Wednesday, April 06, 2005

How to Have Fun in San Francisco

In one of my favorite old noir movies, D.O. A., Edmond O'Brien's character, on a visit here from Los Angeles, gets a little something from a hotel desk clerk as he's checking in. "Here's a guide," the clerk says, a bit ominously, "telling you how to have fun... in San Francisco."

Personally, I don't need a guide. I know how to have fun in San Francisco. Take the day I had yesterday, for instance...

It started normally, in that I went to work just like I always do, got a few things done and a few posts up on the blog (hey, I get paid to blog!), but then I left at 11:00 and walked to the CalTrain station. The reason for that is that yesterday was one of the most sacred holidays on the Generik Calendar -- baseball's Opening Day. I took the train from South City up to the ballpark, getting into my seat just in time for the annual Barry Bonds Is a Better Baseball Player Than Almost Any Other Human Being Ever Thought of Being, Ever, Even if He Did Take Steroids and Is a Big Whiny Baby Award ceremony (but missing by minutes the shout-out "Kent, you suck!" yelled during the moment of silence for the Pope, dammit). The day was beautiful, just as perfect as Opening Day ever has been and always should be, and the game itself was glorious, with the Giants besting the Dodgers by a final score of 4-2. The season can end now, as far as I'm concerned, with the Giants in first place and the Dodgers in last. Okay, not really, but there can't be a better way for Giants' fans to start it off than by beating the LA nine.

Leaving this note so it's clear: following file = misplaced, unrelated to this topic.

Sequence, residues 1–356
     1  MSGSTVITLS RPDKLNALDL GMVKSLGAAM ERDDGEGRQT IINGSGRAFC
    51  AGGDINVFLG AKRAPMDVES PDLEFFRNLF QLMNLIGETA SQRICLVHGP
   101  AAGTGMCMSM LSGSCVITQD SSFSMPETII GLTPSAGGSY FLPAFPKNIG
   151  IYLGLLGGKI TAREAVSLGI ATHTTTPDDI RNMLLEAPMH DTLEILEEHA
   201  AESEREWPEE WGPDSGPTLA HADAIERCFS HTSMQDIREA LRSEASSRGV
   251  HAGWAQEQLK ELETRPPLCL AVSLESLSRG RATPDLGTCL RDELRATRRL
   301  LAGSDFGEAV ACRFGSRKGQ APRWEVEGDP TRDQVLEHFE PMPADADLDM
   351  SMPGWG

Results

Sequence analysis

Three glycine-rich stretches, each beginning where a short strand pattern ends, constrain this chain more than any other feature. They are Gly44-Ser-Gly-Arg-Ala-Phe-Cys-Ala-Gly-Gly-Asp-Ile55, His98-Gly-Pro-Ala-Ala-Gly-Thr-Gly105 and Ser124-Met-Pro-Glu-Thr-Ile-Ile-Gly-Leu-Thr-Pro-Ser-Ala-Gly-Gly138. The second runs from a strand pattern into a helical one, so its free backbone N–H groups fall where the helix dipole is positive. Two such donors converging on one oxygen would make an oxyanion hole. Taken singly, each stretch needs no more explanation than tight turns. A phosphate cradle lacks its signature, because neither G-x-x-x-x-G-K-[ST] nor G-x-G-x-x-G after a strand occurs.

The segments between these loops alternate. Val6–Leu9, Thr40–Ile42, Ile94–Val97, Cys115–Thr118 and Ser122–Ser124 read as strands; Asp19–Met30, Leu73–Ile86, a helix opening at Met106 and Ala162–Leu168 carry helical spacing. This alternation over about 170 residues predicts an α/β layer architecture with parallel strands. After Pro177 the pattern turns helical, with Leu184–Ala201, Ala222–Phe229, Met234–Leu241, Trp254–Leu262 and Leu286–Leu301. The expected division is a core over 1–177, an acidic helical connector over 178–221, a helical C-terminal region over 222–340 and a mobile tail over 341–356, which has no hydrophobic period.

Have I mentioned yet (again) that I believe the Giants are going to win the World Series this season? I do. I believe the Giants will win the World Series this year. And yesterday's game was just the beginning. Tonight: fireworks!

So that was good. That was really good.

After the game, Mrs. Generik and I walked up Third Street, enjoying the afternoon and the afterglow of winning. We parted company at Geary and Stockton, she going in to the fabric store where she works to chat with her co-workers, and me heading up to the Ritz-Carlton for a planned protest against the Gropinator himself, Governor Arnold Schwarzenegger. Arnold was slated to hold court at the hotel in a fund-raising dinner expected to bring in well over $100,000 from his fat-cat special interest friends, and, as has been happening with increasing frequency all over the state and the country, there were quite a few people displeased with his policies there to let him know how unhappy they are. I'd say there were a few thousand folks there yesterday, and I was proud to be among them.

What I found rather refreshing was that it wasn't just the usual San Francisco protest crowd. Instead, this particular crowd was made up largely of working people who rarely engage in that sort of civil misbehavior. Burly guys in union t-shirts and jackets mingled with nurses in their scrubs, off-duty firefighters and policemen, and teachers, many with students and/or sons and daughters in tow. There were even a number of older Asian people with signs about home care for the elderly written in Chinese characters. My own favorite sign was a play on the popular "a village in Texas is missing an idiot" phrase -- it read "A village in Austria is missing an idiot on steroids."